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State comptroller: Pandemic will punch $4B hole in revenue

ALBANY — Rocked by economic fallout from the COVID-19 health emergency, New York is facing a sharp drop in revenue collections, a trend that could become “significantly worse,” state Comptroller Thomas DiNapoli warned Tuesday.

DiNapoli, the state’s chief fiscal watchdog, estimated the state is facing a drop in revenues that will be $4 billion at a minimum and as much as $7 billion below what had been envisioned by budget planners just prior to the New York outbreak of the virus.

DINapoli also warned the state treasury could be battered by the potential for a “deep recession” later this year.

The comptroller’s latest analysis injected a new level of worries into state budget talks at a time when the Cuomo administration is trying to realign the Medicaid health care program to contain spending and close a budget gap of $6 billion.

Lawmakers are scrambling to enact a balanced state budget by the end of this month. The next state fiscal year begins April 1.

Meanwhile, the filing deadline for both state and federal personal income tax returns is April 15.

Robert Mujica, a Cuomo appointee who heads the state Division of the Budget, said New York is going to need financial help from the federal government.

“The federal government will have to step in here because we will have our own liquidity issues if we don’t get some relief,” Mujica said at a press briefing led by Cuomo.

Progressive activists, citing the calamitous impacts from the virus epidemic, urged Cuomo and lawmakers to embrace higher taxes on the wealthiest New Yorkers. A group of 34 multi-millionaires, including philanthropist Abigail Disney and AT&T Broadband executive Leo Hindery Jr., argued a “more equitable tax structure” is needed to adequately fund education, health care and human services and address infrastructure and technology needs.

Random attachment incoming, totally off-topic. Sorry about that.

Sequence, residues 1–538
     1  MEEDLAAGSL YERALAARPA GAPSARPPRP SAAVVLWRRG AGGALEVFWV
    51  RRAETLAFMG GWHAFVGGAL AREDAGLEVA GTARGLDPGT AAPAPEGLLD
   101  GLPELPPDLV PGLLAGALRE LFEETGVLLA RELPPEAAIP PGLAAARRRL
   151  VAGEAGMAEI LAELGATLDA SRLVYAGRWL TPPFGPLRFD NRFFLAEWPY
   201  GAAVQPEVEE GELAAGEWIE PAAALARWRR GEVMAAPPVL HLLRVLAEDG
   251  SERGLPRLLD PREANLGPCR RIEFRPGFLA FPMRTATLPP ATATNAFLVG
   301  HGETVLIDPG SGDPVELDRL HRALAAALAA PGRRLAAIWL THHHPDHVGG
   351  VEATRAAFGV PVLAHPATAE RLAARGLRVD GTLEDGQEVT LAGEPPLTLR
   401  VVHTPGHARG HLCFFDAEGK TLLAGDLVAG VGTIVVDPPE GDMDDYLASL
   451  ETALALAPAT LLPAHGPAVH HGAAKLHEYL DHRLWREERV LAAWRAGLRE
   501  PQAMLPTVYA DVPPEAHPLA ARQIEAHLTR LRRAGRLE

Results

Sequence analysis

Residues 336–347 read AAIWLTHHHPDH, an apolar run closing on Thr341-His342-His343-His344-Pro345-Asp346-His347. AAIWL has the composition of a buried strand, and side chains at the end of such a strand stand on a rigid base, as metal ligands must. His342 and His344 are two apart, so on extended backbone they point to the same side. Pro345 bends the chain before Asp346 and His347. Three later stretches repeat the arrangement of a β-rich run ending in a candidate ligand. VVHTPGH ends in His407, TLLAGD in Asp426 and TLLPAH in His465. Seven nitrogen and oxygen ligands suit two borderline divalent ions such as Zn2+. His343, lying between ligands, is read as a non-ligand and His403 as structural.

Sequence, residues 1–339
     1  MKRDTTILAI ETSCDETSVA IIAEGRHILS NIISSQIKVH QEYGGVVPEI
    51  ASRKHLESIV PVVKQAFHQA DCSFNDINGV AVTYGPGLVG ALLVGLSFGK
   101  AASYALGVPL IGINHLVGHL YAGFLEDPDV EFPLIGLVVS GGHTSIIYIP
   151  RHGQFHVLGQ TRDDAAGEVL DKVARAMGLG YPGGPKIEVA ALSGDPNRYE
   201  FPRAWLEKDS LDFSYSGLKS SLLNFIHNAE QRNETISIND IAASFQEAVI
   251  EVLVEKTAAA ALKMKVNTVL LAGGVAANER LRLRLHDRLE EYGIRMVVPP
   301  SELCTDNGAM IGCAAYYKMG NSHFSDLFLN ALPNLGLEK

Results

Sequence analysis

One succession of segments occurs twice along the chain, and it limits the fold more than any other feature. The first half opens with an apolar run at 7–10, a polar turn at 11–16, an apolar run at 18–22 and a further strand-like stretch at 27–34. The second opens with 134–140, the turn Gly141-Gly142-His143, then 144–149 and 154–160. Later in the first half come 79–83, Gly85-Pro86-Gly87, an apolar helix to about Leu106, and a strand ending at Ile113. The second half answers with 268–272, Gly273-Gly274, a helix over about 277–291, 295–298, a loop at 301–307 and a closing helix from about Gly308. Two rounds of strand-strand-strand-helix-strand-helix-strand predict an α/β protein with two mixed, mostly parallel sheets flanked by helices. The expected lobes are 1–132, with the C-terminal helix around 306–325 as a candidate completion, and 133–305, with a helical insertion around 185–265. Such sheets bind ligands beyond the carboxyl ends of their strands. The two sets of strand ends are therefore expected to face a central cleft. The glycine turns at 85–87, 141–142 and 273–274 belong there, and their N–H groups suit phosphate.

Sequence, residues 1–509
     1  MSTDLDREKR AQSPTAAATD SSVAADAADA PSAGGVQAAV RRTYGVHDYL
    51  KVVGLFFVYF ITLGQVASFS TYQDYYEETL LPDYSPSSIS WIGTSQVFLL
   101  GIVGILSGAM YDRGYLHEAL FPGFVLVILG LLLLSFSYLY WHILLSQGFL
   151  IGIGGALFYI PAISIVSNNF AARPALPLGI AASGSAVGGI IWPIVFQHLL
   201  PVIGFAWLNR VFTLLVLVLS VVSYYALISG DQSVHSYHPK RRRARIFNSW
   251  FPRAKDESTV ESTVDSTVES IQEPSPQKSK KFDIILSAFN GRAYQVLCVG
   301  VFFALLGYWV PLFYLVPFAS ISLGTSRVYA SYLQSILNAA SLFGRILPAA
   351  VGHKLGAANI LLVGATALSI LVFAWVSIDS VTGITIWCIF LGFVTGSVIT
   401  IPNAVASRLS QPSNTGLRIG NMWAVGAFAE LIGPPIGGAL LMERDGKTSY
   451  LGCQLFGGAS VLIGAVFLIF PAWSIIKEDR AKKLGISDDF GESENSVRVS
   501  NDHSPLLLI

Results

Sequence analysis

Another measure, advanced by Assembly Republicans, would provide state assistance to small businesses and workers that have suffered financial losses since the state economy abruptly worsened.

Assembly GOP Leader Will Barclay said the legislation would create a program offering zero-percent interest loans while redirecting $890 million in a reserve fund to small businesses.

Barclay also called for channeling all economic development discretionary funding to New York’s small businesses.

On another front, state officials, under pressure from the manufacturers of plastic bags, agreed to delay enforcement of New York’s new ban on single-use plastic shopping bags until May 15. The industry has argued the ban on disposable bags has elevated the risk of spreading the virus.

Concerns over the financial impacts from the pandemic also prompted Attorney General Leticia James and the Cuomo administration to immediately suspend collections of delinquent student and medical loans.

“In this time of crisis, my office will not add undue stress or saddle New Yorkers with unnecessary financial burden,” the attorney general said.

Joe Mahoney covers the New York statehouse for CNHI’s newspapers, including the Press-Republican of Plattsburgh.

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